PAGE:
A Day in the Life of a Local Studies Librarian

It’s something of a cliché in the modern workplace to proclaim that there is “no typical day” in profession x, y, or z; such is the speed of turnover in tasks, roles, colleagues and service-users. Cliché it may be – but it is, even so, an absolute truth for today’s local studies librarian, especially in these days of cross-service responsibilities. My current role, for instance – Librarian-Manager for the Local and Family History department at Leeds Central Library – combines what we might call ‘traditional’ librarianship with the responsibilities of front-line team management.

Leeds Central Library. Credit: librariestaskforce . Licensed under CC BY 2.0 

Even so, certain patterns do emerge in the ‘librarian’ part of that job-title equation. A typical day likely starts with the standard checking of emails and consequent actioning of immediate necessities (whatever that may mean – anything from getting stock ready for customer visits to delivering, at short notice, a heritage tour of our 1884 building). After that, if I am not required to cover our departmental counter (in truth, a frequent occurrence) comes the ‘real’ work: aiding customers with enquiries delivered by phone, email or in person; usually through painstaking research on some obscure matter of regional or ancestral history. 

In-between, or after, the settling of those priorities my attention moves to tasks with longer-term deadlines – organising a programme of public talks on relevant themes, for instance: identifying possible speakers, making contact, and then thrashing out the logistics of rooms, dates, times, the wording and imagery for promotional material. A similar amount and type of work is required for our series of family history workshops and 1-1 sessions.

Our age of the digital catalogue means physical stock work is perhaps less common today than it was 10-20 years ago. Nonetheless, those pleasures are still with us and usually form part of a typical day: anything from identifying, ordering or collecting new books and other, ephemeral material for the researchers of today and tomorrow, accepting (or rejecting!) offers of donations from the contents of your Great Aunt Lydia’s loft, to the comfortingly traditional, tactile acts of rearranging, repairing and reclassifying books. Just this past week, for instance, I spent an afternoon reboxing our (fantastic) collection of 19th and 20th-century playbills from Leeds theatres.

Finally, most days find me engaged in some level of editorial work on the Leeds Libraries’ heritage and collections blog, the Secret Library Leeds (www.secretlibraryleeds.net) – a job that covers everything from replying to user comments, through commissioning and uploading articles written by librarian colleagues or external contributors, to the researching and writing of original content myself.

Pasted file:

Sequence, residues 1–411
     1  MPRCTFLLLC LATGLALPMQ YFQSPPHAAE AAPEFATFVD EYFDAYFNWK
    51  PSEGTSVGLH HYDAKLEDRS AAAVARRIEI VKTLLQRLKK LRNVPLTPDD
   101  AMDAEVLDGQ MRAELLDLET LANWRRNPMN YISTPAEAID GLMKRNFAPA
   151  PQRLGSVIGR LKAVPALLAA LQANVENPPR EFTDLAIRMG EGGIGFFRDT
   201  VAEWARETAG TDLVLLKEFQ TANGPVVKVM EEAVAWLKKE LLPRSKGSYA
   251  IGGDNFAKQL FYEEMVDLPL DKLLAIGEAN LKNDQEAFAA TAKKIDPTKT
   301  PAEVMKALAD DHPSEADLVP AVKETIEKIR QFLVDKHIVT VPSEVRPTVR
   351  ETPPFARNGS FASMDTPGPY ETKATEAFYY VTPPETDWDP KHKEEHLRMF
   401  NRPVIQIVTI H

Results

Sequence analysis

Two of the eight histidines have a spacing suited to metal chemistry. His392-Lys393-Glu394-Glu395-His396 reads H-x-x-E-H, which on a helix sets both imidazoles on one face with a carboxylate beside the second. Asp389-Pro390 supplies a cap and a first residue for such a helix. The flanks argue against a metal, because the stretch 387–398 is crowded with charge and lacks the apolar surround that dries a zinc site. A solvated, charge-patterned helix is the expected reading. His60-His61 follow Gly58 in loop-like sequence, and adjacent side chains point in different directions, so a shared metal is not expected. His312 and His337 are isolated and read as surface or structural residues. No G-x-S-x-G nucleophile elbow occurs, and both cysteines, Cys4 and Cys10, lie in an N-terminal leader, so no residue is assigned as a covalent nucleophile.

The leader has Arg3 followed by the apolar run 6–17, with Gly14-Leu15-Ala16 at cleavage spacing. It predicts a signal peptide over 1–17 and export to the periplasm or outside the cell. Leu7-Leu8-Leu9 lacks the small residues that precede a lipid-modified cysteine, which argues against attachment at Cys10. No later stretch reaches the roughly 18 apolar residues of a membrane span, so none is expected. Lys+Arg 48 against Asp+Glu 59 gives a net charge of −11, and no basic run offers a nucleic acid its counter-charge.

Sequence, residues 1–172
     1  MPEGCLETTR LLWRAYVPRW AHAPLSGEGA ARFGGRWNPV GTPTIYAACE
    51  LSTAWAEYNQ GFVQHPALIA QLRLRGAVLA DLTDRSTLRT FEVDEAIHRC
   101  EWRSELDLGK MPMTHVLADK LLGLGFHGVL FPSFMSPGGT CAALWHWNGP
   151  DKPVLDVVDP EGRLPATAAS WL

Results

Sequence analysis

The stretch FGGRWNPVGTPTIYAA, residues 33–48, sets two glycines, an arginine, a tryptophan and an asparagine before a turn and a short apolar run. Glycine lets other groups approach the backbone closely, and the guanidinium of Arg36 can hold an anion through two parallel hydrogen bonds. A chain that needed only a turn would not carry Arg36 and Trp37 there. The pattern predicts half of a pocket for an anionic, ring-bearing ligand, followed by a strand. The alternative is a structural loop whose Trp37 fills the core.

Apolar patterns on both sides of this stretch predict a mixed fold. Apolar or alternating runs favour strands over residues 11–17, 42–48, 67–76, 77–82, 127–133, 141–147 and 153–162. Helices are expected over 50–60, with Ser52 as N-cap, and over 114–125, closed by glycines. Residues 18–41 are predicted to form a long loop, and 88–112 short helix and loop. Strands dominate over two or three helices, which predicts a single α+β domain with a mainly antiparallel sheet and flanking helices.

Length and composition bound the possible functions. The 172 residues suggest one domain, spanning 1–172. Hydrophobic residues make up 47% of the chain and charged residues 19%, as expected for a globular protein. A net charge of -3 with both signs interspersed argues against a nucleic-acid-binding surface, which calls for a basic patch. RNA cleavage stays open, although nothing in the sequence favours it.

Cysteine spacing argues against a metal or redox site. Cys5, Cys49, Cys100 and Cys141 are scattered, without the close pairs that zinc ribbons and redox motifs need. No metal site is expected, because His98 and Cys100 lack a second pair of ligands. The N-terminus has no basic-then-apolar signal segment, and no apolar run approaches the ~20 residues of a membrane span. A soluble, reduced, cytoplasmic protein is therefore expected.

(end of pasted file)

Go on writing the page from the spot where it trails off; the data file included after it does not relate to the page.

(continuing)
That is really only a snapshot of I do, with large chunks of any given day spent improvising to rapid developments with staff, stock and the public. While all Librarians I know bemoan their lack of predictable time to devote to long-term projects, I’m not sure, in truth, any of us would swap that for the invigorating reality of never knowing quite what is to come each and every day.

Antony Ramm

January 7th 2020

Antony Ramm is Librarian-Manager of the Local and Family History department in Leeds Central Library

The future of Local Studies librarianship…….

A few years ago I remember reading an article in Local Studies Librarian and by the end of it I was fuming. The author said that local studies librarians, archivists and museum professionals will morph into one profession. I began writing a furious reply, saying that we had a completely different skills and we looked at “heritage” in completely different ways. Later, deciding that Local Studies Librarian was a serious scholarly place and not somewhere to vent my spleen, I put my pen away.

Four years ago I became a LSG blogger and I started writing a blog post called “Is there a future for Local Studies Librarianship”. It was rather depressing. It started….

Things are getting a bit depressing. According to that “What is the point of…. Public libraries” Radio 4 programme, there are 14% less professional librarians in public libraries than there were a few years ago. I used to hear the refrain, “you’re okay, they’ll never get rid of local studies” but things are not going that way, at least in the South East. Buckinghamshire’s last Local Studies Librarian retired last year, only half of Berkshire’s Unitary Authorities have someone who is referred to as a “Local Studies Librarian” and everybody knows what is going on in Hampshire. With 25% of local government spending being shaved off in the next 5 years, we “ain’t seen nothing yet”.